Safety Tips for Independent Contractors

Job safety has long been an important part of self-employment. Physical safety, health, and liability must all be considered to protect both the independent contractor as well as the client. However, with COVID running its course, taking the proper precautions is more important than ever. Whether you are already an independent contractor or considering becoming one, consider how you can stay safe.


Staying Safe During the Pandemic

It seems like every state is moving at a different pace. In some states, life has resumed to a “new normal.” In other states, many businesses and events remain shut down. When considering your personal safety as an independent contractor, make sure you do so through the lens of your state’s mandates. Health risks aside, you don’t want to deal with a lawsuit for offering your services illegally.

If your state does allow and encourage independent contractors to safely pursue their work, it’s time to consider health. How can you protect yourself and your client from the risk of COVID? You can start by implementing the following safety tips.

  1. Determine whether or not your client (or anyone in their home) is high-risk; if they are, make arrangements for them to be in a safe place while you work.
  2. Wear the appropriate protective gear (gloves, mask, etc.).
  3. Encourage your client to sanitize before you arrive, and sanitize again when you leave.
  4. Begin each day with a self-administered temperature check.
  5. Ask your clients to let you know if they have experienced any common COVID-19 symptoms, such as fever, aches, allergy symptoms, headache, or loss of taste or smell.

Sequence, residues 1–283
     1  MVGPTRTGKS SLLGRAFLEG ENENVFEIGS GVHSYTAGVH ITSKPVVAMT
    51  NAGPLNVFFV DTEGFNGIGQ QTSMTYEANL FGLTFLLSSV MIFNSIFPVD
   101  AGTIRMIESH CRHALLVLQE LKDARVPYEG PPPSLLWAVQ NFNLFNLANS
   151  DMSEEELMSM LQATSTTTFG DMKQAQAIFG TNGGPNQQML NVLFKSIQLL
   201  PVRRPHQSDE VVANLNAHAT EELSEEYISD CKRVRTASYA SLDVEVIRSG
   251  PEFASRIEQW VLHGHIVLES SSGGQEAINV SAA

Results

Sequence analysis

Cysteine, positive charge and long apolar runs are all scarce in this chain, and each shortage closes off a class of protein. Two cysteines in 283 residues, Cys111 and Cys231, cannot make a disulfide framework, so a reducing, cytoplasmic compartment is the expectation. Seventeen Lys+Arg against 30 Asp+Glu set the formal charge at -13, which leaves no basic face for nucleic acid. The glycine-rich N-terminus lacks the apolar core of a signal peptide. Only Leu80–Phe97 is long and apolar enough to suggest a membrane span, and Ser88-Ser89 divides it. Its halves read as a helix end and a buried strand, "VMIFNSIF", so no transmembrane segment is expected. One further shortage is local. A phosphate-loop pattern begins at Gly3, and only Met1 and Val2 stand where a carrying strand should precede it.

6. If you are working on a team, remove community items, such as drink coolers.
  7. Encourage social distancing to the absolute best of your ability.
  8. Switch to digital forms and marketing to avoid cross-contamination through paper.
  9. Provide daily health forms for your subcontractors or clients.
  10. Order supplies online rather than picking them up in the store.
  11. Ask your client about their level of comfort and how you can set them at ease while in their home.

Staying Safe On the Job Site

Safety during a pandemic is important, but so is pre and post-pandemic safety. Particularly in the mold assessment and remediation business, it is easy to ingest toxins that do not belong in your body. Additionally, you might find yourself in structurally compromised buildings or lifting heavy items. All of these factors work together to make basic job safety important.

How can you implement basic safety measures into your daily routine? Take a look at the following tips.

  1. Again, wear the appropriate gear for your job; in mold remediation, masking up is particularly important for lung protection.
  2. Before climbing ladders or equipment, check your shoes for mud or water to avoid slipping.
  3. Always employ a second pair of hands (or eyes) when loading and unloading heavy equipment.
  4. Keep the work area as clutter-free as possible to avoid missteps and tripping.
  5. Keep up with equipment maintenance to prevent dangerous malfunctions during jobs.
  6. Communicate constantly with your team members regarding what’s going on.
  7. Continually further your education in the industry, and make sure your team members have received the proper licensing and training.
  8. Make sure you have the proper insurance to protect yourself from job accidents.
  9. Provide the correct liability forms for your client to avoid some nasty legal procedures in the event of an accident.

Are You Interested in Becoming an Independent Contractor?

If you aren’t sure how to go about taking classes or the licensing examination, call us today. The National Environmental Training Institute (NETI) is a state-certified training company offering Mold Remediator and Mold Assessor training. NETI also offers continuing education units (CEU’s), certification, and licensing.

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